I would like people interested in this post to watch the first half of the video above. To summarize: a climate activist asks Jordan Peterson what can be done to change society, and Jordan Peterson says people should concentrate on changing themselves first. The climate activist is very unhappy with the answer.
Setting aside the triumphalist nature of the above interchange, I believe there is a very important Gospel-related message for the Church of Jesus Christ audience: what is more important, trying to change society of trying to change yourself? The answer is clearly the latter, ie, trying to change yourself should take precedence. All you have to do is listen to one session of General Conference — or read a few chapters of Jesus’ teachings in the New Testament or read the Book of Mormon — to see that the Church of Jesus Christ concentrates on self-improvement over societal improvement.
And the reason is that true followers of Christ believe that self-improvement will naturally lead to societal improvement.
Now this does not mean you should not be involved in societal improvement. Far from it. The Church encourages its members to be involved in politics and in their communities. But the emphasis is clearly and emphatically on self improvement first.
Readers will be familiar with the Book of Mormon pride cycle. To summarize, society is doing well, people get filled with pride, things go down hill, people suffer, people are humbled, they turn to God in sincere prayer, and things get better. And then people get filled with pride again, and so on.
How does society get better? When individual people humble themselves and turn to God to overcome individual sins (such as pride).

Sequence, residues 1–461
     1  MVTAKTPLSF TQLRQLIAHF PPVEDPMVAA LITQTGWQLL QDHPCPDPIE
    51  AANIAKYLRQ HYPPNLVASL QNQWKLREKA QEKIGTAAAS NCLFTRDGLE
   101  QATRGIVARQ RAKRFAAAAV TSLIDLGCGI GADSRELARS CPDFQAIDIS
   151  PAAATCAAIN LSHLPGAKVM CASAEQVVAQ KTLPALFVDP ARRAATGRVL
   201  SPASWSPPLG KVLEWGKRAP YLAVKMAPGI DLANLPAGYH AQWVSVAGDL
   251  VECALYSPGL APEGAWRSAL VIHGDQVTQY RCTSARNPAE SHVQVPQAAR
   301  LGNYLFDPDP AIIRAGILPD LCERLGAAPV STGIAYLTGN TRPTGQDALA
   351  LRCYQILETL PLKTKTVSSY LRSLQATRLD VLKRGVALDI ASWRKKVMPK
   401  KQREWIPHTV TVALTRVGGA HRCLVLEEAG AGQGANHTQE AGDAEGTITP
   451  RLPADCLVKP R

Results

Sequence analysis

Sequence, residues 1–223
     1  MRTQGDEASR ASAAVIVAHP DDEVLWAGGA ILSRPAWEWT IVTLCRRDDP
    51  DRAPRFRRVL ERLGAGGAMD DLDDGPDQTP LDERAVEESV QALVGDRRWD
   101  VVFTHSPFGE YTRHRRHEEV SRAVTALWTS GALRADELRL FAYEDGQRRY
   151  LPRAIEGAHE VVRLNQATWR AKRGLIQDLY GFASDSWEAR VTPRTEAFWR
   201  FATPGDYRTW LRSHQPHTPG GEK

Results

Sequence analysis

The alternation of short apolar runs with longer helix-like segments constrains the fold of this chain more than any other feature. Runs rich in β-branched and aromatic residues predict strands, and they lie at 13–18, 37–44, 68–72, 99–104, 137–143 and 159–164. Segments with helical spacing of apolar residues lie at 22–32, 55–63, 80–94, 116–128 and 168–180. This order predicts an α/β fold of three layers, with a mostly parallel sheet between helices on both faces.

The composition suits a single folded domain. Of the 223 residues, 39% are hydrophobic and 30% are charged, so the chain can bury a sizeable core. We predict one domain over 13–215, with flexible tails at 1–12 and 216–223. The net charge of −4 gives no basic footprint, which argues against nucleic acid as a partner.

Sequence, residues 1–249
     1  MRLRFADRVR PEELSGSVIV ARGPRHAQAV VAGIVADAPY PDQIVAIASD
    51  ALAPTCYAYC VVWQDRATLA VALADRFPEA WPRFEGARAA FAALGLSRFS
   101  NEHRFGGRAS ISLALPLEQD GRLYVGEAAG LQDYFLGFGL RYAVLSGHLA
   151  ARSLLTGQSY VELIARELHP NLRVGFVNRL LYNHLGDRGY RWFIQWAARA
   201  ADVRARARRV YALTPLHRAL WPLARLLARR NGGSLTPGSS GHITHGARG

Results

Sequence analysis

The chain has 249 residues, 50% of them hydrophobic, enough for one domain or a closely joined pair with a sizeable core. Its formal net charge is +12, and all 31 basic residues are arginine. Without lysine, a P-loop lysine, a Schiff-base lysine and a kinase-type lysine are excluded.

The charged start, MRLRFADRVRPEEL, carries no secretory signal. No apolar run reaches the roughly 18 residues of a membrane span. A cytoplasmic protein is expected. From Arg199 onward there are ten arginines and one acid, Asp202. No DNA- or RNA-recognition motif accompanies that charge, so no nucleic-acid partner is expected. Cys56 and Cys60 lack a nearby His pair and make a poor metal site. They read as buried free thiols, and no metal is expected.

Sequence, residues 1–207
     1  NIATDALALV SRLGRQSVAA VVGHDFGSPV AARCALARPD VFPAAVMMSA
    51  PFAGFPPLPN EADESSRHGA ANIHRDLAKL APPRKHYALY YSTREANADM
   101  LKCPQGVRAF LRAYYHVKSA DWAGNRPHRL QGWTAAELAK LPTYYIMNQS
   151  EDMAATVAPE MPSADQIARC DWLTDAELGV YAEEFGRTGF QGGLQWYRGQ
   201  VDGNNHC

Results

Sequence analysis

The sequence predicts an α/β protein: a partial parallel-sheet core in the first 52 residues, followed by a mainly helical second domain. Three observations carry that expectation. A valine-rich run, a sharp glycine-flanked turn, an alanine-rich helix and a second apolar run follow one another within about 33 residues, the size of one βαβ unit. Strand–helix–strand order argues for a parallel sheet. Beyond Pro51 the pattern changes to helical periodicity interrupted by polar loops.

What do the scriptures say? Jesus’ teachings concentrated almost entirely on individual improvement, not societal social justice. He called on his followers to improve themselves, and when Jesus was asked to take political stands, such as answering whether people should pay taxes, he said, “”Render unto Caesar the things that are Caesar’s, and unto God the things that are God’s.” (Matthew 22:21). Jesus’s message: God cares about individual improvements and individuals turning to God more than he cares about secular government.
Why do prophets and the scriptures concentrate on individual improvement? Because this is something we can control. I am not saying it is easy (far from it), but an individual has much more power to change himself or herself than to change society. On a local level, you may be able to organize hundreds of people to oppose that new development, and therefore change the society around you, but most people seem to care about big, national and international issues that they cannot control instead of the local issues they can effect.
The classic case of worrying about something that is beyond your control is of course the climate change movement. There is nothing we human beings can do to change the climate in the short term, and in the long term the amount of collective action needed to make any significant change is massive. The IPCC reports indicate clearly that collective action could only change the climate by a few tenths of a degree C over decades, and even then we see significant problems with all of the IPCC projections. There are serious reasons to believe that even collective action cannot change the climate. Yet we see people like the woman in the above video and people like Greta Thunberg spending a huge amount of energy on a issue they cannot control or change.
Satan loves it when people concentrate on things they cannot change, rather than the things they can change. Satan does not want us to improve ourselves. He wants us to spend our energies on causes that are the least important things so we will not have time for the most important things. Elder Oaks discusses this in his classic talk, “Good, Better, Best.”
Modern-prophets constantly ask us to improve ourselves through individual action: observe the Sabbath, go to the temple, spend more time with our families, study the scriptures, do ministering visits, teach Come Follow Me with your families. Notice that prophets concentrate on things that members of the Church are able to do — they don’t give us impossible to reach goals.
So, to summarize, there is nothing wrong with being concerned about international trends and national politics. I certainly am concerned about these things. But where are our hearts? Do we spend most of our time and energy on things we cannot control or on things we can control? That is the key question.